Reshuffle thoughts: how does it score against my four criteria?

Ahead of the reshuffle, I posted four criteria against which the Liberal Democrat part of the shuffling should be judged. Now nearly all the details are in, how does it look?

Most importantly, have people been put in jobs they’ve got a decent chance of doing well? It’s hard enough being a minister in the smaller party in a coalition government without having lots of people thrown into policy areas they are completely new to.

On this score, the reshuffle does very well. In particular, David Laws at education, Jeremy Browne at the Home Office, Norman Lamb at health and Lynne Featherstone at international development all gives people policy areas they previously have been interested in and spend time on. David’s long-running passion for education is well known; both Norman and Jeremy were at various times the party’s spokesperson on their new patch in opposition; and Lynne has also both been international development spokesperson and taken a particular interest in the international aspects of her previous Home Office brief.

The limited swapping around of jobs with the Conservatives also makes good campaigning and electoral sense for the party – there’s far more votes to be won for the party in DEFRA (where one of the party’s many rural MPs, David Heath, takes up post) and DFID (where there is the chance to appeal to one of the party’s traditional sources of support) than in the Foreign Office, for example, especially as all the major foreign issues end up with Nick Clegg anyway.

Does being a minster who disappears into their department and doesn’t do much in the way of communicating or campaigning to promote the Liberal Democrats matter? Some ministers have been far better than others at this; will this be reflected in the changes?

The MPs who have done well out of the reshuffle are also good campaigners, and ones who have consistently remembered to promote the Liberal Democrat cause even when we’re in government. Jo Swinson is the most obvious, and is now clearly the party’s main rising star. Tom Brake too is in this category – he has been one of the party’s unsung heroes – and Don Foster (Andrew Stunell’s replacement) knows all about winning a tough seat in a high profile election.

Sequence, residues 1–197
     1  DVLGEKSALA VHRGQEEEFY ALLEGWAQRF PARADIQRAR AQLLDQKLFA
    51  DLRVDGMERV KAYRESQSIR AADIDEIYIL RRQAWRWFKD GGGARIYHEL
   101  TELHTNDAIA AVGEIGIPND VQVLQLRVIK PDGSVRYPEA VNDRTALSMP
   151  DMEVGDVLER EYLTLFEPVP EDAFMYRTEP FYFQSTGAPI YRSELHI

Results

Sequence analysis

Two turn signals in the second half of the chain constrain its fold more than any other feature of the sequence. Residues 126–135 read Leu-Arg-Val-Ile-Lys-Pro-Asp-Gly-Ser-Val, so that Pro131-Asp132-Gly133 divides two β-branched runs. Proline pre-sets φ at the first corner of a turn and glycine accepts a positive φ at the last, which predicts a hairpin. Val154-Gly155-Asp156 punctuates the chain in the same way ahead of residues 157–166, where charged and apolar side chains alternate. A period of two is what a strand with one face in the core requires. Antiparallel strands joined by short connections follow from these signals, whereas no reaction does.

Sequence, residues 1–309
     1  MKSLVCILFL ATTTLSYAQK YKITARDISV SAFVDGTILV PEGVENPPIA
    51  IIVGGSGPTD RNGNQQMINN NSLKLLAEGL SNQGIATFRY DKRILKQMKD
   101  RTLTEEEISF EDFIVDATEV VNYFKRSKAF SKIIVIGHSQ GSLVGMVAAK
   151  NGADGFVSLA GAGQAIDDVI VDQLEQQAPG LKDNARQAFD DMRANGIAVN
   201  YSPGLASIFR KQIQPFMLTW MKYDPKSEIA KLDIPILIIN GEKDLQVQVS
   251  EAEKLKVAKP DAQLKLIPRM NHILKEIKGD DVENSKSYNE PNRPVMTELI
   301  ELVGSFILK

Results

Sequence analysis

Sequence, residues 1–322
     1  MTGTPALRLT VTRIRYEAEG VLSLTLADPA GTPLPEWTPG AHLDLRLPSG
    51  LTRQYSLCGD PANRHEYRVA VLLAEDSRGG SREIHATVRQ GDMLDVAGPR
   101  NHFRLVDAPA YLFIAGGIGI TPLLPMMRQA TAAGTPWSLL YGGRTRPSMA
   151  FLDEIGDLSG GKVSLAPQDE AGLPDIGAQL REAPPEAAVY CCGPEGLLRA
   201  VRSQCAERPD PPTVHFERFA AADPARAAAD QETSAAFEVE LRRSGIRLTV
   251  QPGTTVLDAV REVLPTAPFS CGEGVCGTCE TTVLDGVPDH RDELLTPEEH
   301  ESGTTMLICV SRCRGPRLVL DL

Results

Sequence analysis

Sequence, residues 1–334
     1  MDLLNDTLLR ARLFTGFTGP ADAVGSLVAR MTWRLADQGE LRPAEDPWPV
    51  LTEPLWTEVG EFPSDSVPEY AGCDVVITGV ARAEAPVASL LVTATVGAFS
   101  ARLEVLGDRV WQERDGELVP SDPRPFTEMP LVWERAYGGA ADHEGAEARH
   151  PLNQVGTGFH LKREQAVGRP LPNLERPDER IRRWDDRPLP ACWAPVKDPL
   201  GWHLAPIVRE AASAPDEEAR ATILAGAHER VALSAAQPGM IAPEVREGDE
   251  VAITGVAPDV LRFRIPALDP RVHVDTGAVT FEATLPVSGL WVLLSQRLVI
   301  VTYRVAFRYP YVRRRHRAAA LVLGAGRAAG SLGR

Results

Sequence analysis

Quite a few party members will have put Julian Huppert in the same category and hoped he too would enter government. I hope Julian doesn’t mind me thinking that, for the moment at least, he is best outside of government as the areas at which he excels span several areas and as being a minister would not fit with being on the Pre-legislative Scrutiny Committee for the Draft Communications Bill.

When it comes to the moves within government, Jeremy Browne had somewhat disappeared into the Foreign Office as a good minister but a very low profile advocate for the party’s cause with the public. The Home Office posting gives him a chance to remedy that.

Moving Norman Lamb to the Department of Health not  only puts a health expert in post, it also puts in one of the hotspots an MP with an excellent record at winning over party members to support a controversial policy – as he did with the Post Office and Royal Mail in opposition, partly by changing some parts of it, partly by spending a lot of time listening and communicating and partly be persuading people of the virtues of it

One or two other low-profile ministers may be breathing a sigh of relief that it hasn’t counted against them so far. If there is to be another reshuffle before the 2015 general election, that is a luxury that party can ill afford.

David Laws is going to come back. Even though he’s a contributor to the The Orange Book and I was a contributor to Reinventing the State, I think those sorts of distinctions are pretty small set against what we have in common compared to the other parties. Bringing him back is the right move as he’s one of our most talented MPs. It would be daft however to ignore how some party members will feel about Laws’s return. So how well balanced overall are the changes made?

With Laws back and Browne into a more prominent role, not to mention the friend-of-Liberator Nick Harvey sadly leaving government, you could get all excited about a shift. Look further, however,voic to changes such as the big leap up for Jo Swinson and incomers such as Tom Brake who are slap in the mainstream of the party and the overall picture is one of very little change in any direction.

Nick Clegg’s often talked about the need to improve the party’s diversity. His previous government appointments, mini-reshuffles and House of Lords appointments have show promising moves in that direction. Yet we are also on course to go through a whole Parliament with a 100% white and male Lib Dem Cabinet line-up. How much do the changes today match the previous rhetoric, even allowing for shortage of diversity amongst those he can choose from?

One woman in, one woman out, one woman sideways. Not much progress there save that it’s no longer a case of ‘women do the equalities and children stuff’. Progress of a minimal sort.

[UPDATE: I’m led to believe by a senior source, aka I’ve had a text message from a reader, that I’ve jumped the gun a bit on this and there will be more movement when we see the final details. Hard to see where that will be in ministerial terms; perhaps we’ll see something on the PPS and Whips fronts?]

[UPDATE 2: Jenny Randerson is becoming a new Liberal Democrat minister, boosting the number of female ministers by one and also boosting the number of peers in the government by one, very handy given how stretched those peers in government have been covering all the issues in the Lords.]
Overall then? A pretty good shuffling of the Liberal Democrat deck. And none of it that important compared to what happens to the economy.

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